The search for a new men’s soccer coach at Saint Joseph’s has ended with the return of one of the program’s highest profile alumni.
Don D’Ambra, a long-time star for the Philadelphia Kixx indoor soccer franchise and a 1994 graduate of St. Joe’s is returning to his roots to head up the team that helped catapult him into the pro ranks. He will be unveiled at a press conference on Monday. He’s just the fourth coach in St. Joe’s soccer history, replacing Tom Turner after 26 seasons at the helm.
D’Ambra was the face of the Kixx for 14 seasons, the last eight of which he served as a player/coach/vice president of soccer operations. He led the franchise to Major Indoor Soccer League (MISL) titles in 2002 and 2007, and one of most recognizable figures for one of indoor soccer’s most popular teams. He also served as Turner’s assistant here at St. Joe’s from 1996-99.
The 37-year-old native of Philadelphia collected 388 goals, 905 points, four All-Star selections, and 119 coaching wins with the Kixx, all franchise highs.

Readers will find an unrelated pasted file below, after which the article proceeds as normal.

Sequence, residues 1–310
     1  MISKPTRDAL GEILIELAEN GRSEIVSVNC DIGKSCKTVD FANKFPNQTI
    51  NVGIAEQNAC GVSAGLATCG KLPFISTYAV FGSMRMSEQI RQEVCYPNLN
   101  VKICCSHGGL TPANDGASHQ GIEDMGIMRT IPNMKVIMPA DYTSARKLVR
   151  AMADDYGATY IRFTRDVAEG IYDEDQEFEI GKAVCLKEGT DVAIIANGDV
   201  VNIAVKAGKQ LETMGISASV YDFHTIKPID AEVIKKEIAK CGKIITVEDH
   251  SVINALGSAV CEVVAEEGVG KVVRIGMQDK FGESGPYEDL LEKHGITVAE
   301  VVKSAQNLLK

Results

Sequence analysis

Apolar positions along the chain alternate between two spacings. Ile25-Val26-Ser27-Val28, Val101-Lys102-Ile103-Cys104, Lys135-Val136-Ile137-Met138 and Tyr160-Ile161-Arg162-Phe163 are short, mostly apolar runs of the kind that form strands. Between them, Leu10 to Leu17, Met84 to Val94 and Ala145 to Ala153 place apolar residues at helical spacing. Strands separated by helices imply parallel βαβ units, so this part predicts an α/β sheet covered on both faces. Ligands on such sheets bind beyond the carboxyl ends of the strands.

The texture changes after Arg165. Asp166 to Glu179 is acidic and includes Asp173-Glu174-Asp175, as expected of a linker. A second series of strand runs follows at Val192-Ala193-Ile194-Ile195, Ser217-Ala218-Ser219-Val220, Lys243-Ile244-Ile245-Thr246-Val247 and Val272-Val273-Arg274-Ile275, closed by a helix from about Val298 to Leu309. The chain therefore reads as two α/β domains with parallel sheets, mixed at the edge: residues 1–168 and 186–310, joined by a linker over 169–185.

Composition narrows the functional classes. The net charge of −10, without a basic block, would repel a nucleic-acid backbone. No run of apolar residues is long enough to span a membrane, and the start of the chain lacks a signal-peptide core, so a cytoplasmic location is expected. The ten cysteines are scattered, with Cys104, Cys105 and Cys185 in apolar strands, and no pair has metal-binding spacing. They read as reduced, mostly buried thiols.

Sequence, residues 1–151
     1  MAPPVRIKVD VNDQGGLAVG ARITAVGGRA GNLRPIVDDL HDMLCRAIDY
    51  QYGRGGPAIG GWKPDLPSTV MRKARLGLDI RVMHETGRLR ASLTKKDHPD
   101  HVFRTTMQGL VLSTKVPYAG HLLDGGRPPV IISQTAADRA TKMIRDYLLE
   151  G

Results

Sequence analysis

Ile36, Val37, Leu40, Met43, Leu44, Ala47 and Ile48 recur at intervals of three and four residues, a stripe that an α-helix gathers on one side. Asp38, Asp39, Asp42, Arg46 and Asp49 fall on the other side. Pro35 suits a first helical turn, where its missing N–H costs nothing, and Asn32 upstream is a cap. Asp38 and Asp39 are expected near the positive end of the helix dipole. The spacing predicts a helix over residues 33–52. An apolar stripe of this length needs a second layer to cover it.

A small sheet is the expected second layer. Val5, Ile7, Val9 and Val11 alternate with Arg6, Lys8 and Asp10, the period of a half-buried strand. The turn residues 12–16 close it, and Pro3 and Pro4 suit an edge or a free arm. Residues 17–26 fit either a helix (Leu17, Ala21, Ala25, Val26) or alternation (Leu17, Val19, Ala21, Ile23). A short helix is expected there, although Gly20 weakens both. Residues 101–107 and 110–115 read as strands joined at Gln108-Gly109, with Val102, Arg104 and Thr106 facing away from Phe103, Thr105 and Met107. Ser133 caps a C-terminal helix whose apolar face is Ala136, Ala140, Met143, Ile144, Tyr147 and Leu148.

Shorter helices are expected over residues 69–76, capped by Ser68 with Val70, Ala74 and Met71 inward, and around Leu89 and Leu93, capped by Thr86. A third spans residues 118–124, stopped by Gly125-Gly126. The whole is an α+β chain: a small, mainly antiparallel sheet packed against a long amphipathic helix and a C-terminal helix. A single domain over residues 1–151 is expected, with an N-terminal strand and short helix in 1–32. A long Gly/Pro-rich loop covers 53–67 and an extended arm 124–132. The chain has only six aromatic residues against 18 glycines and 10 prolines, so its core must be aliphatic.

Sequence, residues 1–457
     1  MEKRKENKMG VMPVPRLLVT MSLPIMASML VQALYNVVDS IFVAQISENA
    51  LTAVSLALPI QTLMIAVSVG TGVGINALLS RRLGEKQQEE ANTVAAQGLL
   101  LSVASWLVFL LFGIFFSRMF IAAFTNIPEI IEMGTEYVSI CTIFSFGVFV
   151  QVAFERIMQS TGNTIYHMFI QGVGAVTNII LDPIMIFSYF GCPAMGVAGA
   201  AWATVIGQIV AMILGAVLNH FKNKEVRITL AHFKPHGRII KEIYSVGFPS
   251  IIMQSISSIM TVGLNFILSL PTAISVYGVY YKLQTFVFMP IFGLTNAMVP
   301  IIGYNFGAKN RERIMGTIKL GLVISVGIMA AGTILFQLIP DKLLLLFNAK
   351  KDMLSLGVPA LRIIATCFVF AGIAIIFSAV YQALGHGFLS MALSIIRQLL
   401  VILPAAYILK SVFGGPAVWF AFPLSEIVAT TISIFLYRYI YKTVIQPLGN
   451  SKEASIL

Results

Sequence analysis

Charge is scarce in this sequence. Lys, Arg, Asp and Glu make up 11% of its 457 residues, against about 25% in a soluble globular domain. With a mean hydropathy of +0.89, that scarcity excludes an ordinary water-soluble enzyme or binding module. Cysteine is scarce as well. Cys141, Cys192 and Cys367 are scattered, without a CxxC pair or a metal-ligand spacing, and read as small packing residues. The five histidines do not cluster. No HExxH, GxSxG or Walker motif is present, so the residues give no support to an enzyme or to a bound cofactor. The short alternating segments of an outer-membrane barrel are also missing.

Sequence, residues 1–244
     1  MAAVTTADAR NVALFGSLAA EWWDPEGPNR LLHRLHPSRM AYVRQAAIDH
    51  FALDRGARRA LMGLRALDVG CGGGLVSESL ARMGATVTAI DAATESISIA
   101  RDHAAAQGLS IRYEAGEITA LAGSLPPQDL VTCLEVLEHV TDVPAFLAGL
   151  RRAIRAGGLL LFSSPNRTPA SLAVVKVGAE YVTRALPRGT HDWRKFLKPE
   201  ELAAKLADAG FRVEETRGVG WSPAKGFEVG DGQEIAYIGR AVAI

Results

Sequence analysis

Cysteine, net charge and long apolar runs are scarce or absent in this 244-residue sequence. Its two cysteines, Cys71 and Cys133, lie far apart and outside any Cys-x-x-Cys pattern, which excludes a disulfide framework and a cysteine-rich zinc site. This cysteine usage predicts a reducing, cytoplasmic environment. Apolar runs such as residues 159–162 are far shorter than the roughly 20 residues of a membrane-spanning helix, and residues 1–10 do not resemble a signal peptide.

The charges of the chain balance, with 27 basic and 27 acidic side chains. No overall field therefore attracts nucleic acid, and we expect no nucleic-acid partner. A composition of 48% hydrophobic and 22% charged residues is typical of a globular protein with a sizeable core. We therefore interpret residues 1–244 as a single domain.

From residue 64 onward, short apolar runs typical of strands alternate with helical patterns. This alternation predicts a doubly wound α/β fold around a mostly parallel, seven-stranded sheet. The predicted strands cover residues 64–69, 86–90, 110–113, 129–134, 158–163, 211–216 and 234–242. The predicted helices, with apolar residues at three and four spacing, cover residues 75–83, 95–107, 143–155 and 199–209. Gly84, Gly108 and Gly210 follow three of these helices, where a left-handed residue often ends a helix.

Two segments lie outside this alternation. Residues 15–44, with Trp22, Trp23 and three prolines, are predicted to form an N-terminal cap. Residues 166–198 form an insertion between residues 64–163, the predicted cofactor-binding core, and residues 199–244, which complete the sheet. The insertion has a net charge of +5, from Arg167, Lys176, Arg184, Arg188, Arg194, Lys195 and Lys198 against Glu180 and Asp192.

D’Ambra’s time at St. Joe’s was just as illustrious, as his name is on the top line of most statistical categories. He’s the all-time leader in points (102), goals (41), and shots (297). His 15 goals and 38 points in 1993 are the most ever in a single season for a Hawk, and he also holds the third most prolific season (13 goals and 31 points in 1992) in those categories.
He was honored as the 1993 Soccer Seven and Atlantic 10 Player of the Year for the winningest team in St. Joe’s history (12-6-1). D’Ambra was also inducted into the St. Joe’s Soccer Hall of Fame in 2000. He’s the second former Kixx player to join the Hawks’ current coaching staff, with former teammate Drew Kopp also an assistant on the women’s team.
– Matthew De George ’10
The St. Joe’s men’s basketball season officially came to an end tonight with the annual awards banquet held at the Campion Banquet Center. The marathon event which head coach Phil Martelli likened to an episode of Roots last nearly five hours, only five minutes of which included a highlight video, and saw the team dish out a number of personal accolades and show thanks to the many people involved with the program on and off the court. Here is a gallery of the night’s biggest highlights:
(All photos by Matthew De George ’10)
Everybody and their brother has probably already heard at least snippets of Tiger Woods’ first appearance in front of the media today at Augusta. But chances are you haven’t heard the translation of Tiger- speak into what the rest of us can understand.
So here goes the full translation, all 34 minutes of it, taking into account what Tiger’s other actions and choices have said over the last few months.. (Translation in italics; proctoring of Craig Heatley, chairman of the Masters’ Media Committee, removed for brevity’s sake.)